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8^(1-x) = 4^(x+2)?

3 Answers

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  • 2 months ago

    Not sure why people are disliking a seemingly correct answer.  I'll do it with an explanation and see if I get what they get:

    8^(1 - x) = 4^(x + 2)

    Both 4 and 8 are powers of 2:

    (2³)^(1 - x) = (2²)^(x + 2)

    The exponent of an exponent is the same as if you took the product of the exponents, so:

    2^[3(1 - x)] = 2^[2(x + 2)]

    We now have the same value on both sides with the same base on both sides so the exponents must also be the same:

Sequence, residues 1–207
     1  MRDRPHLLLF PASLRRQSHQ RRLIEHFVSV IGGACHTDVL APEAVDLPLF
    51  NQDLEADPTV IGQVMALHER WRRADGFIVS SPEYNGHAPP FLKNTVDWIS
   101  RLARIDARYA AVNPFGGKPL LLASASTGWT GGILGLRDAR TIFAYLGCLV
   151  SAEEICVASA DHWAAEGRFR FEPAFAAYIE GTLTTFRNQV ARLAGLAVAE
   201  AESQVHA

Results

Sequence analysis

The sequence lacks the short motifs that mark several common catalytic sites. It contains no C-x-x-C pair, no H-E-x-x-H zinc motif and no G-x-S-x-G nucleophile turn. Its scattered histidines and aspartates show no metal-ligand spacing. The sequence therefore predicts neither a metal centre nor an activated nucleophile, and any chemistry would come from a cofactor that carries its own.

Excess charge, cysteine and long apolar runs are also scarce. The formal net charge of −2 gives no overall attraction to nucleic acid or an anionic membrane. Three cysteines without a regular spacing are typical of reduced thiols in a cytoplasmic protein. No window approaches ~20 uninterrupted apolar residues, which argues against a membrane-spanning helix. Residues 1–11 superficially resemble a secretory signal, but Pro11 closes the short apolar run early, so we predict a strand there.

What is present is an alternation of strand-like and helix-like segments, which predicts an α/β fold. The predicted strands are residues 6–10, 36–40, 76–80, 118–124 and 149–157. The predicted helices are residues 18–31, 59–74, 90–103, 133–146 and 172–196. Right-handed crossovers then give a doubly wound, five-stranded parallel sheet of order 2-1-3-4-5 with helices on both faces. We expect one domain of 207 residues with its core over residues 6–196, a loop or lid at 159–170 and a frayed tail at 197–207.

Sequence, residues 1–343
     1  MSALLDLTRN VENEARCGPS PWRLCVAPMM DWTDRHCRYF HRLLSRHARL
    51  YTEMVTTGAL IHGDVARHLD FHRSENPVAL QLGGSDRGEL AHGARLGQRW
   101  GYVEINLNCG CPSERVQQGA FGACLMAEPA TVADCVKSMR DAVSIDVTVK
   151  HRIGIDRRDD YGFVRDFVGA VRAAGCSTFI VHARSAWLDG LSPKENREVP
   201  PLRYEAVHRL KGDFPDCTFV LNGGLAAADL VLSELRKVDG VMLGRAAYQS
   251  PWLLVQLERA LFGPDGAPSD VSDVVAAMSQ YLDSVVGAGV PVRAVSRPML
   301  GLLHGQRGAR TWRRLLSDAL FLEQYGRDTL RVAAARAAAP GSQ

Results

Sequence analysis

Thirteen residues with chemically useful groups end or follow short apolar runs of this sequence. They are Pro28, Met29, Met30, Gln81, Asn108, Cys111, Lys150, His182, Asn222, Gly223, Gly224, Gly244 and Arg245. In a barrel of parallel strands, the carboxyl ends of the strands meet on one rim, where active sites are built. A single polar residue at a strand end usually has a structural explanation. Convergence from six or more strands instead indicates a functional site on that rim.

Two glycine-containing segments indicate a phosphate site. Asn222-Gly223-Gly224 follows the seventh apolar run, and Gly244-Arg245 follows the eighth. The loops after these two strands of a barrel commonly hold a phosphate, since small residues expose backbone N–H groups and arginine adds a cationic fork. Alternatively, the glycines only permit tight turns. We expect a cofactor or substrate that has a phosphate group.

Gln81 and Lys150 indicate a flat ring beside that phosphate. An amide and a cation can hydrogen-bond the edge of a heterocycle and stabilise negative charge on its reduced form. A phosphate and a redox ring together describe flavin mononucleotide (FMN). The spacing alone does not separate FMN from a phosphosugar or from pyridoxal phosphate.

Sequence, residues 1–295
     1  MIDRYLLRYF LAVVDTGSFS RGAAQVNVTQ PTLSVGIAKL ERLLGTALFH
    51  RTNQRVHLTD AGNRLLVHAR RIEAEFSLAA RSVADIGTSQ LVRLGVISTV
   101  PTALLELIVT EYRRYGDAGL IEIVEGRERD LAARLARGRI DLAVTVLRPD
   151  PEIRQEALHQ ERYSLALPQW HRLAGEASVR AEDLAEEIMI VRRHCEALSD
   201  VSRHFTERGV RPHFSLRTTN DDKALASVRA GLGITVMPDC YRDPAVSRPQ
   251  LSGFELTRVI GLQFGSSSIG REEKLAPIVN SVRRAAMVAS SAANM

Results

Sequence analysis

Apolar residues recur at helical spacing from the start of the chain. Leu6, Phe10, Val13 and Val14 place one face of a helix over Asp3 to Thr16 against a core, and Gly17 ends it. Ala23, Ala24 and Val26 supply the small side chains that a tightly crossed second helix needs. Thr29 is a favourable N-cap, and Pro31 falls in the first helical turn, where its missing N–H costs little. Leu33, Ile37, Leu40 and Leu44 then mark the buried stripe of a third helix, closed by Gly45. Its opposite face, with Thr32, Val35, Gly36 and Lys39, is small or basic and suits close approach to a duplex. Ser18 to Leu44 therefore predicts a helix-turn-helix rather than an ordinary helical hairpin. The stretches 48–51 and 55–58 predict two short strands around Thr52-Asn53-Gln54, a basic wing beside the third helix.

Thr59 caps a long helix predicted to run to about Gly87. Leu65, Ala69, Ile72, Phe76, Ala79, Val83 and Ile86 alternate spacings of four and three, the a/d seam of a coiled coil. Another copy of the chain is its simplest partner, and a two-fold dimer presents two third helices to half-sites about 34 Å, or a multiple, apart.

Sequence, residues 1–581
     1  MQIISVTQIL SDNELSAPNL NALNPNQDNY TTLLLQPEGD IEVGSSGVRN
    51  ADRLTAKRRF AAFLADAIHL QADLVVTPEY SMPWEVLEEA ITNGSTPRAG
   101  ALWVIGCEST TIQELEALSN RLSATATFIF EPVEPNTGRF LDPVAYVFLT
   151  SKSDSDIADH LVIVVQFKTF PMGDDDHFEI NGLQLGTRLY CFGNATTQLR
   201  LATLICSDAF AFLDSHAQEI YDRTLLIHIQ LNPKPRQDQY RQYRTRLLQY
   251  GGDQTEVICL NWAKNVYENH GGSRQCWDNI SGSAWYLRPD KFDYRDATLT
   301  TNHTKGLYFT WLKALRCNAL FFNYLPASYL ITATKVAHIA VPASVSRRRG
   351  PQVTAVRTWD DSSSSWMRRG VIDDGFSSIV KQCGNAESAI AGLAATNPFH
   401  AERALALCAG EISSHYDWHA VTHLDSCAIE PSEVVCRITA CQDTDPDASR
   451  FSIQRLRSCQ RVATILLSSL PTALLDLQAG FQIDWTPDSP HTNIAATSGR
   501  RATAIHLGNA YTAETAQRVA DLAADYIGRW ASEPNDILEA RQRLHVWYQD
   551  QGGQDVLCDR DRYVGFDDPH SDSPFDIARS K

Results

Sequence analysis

3(1 - x) = 2(x + 2)

    Now we can expand both sides and solve:

    3 - 3x = 2x + 4

    -5x = 1

    x = -1/5

    I do get the same answer as the others.

  • 2 months ago

    8^(1 - x) = 4^(x + 2)

    [2^(3)]^(1 - x) = [2^(2)]^(x + 2) → you konw that: [x^(a)]^(b) = x^(ab)

    2^[3.(1 - x)] = 2^[2.(x + 2)]

    3.(1 - x) = 2.(x + 2)

    3 - 3x = 2x + 4

    - 5x = 1

    x = - 1/5

  • 2 months ago

    (2^3)^(1-x) = (2^2)^(x+2) =>

    2^(3 - 3x) = 2^(2x + 4) =>

    3 - 3x = 2x + 4 =>

    x = -1/5.

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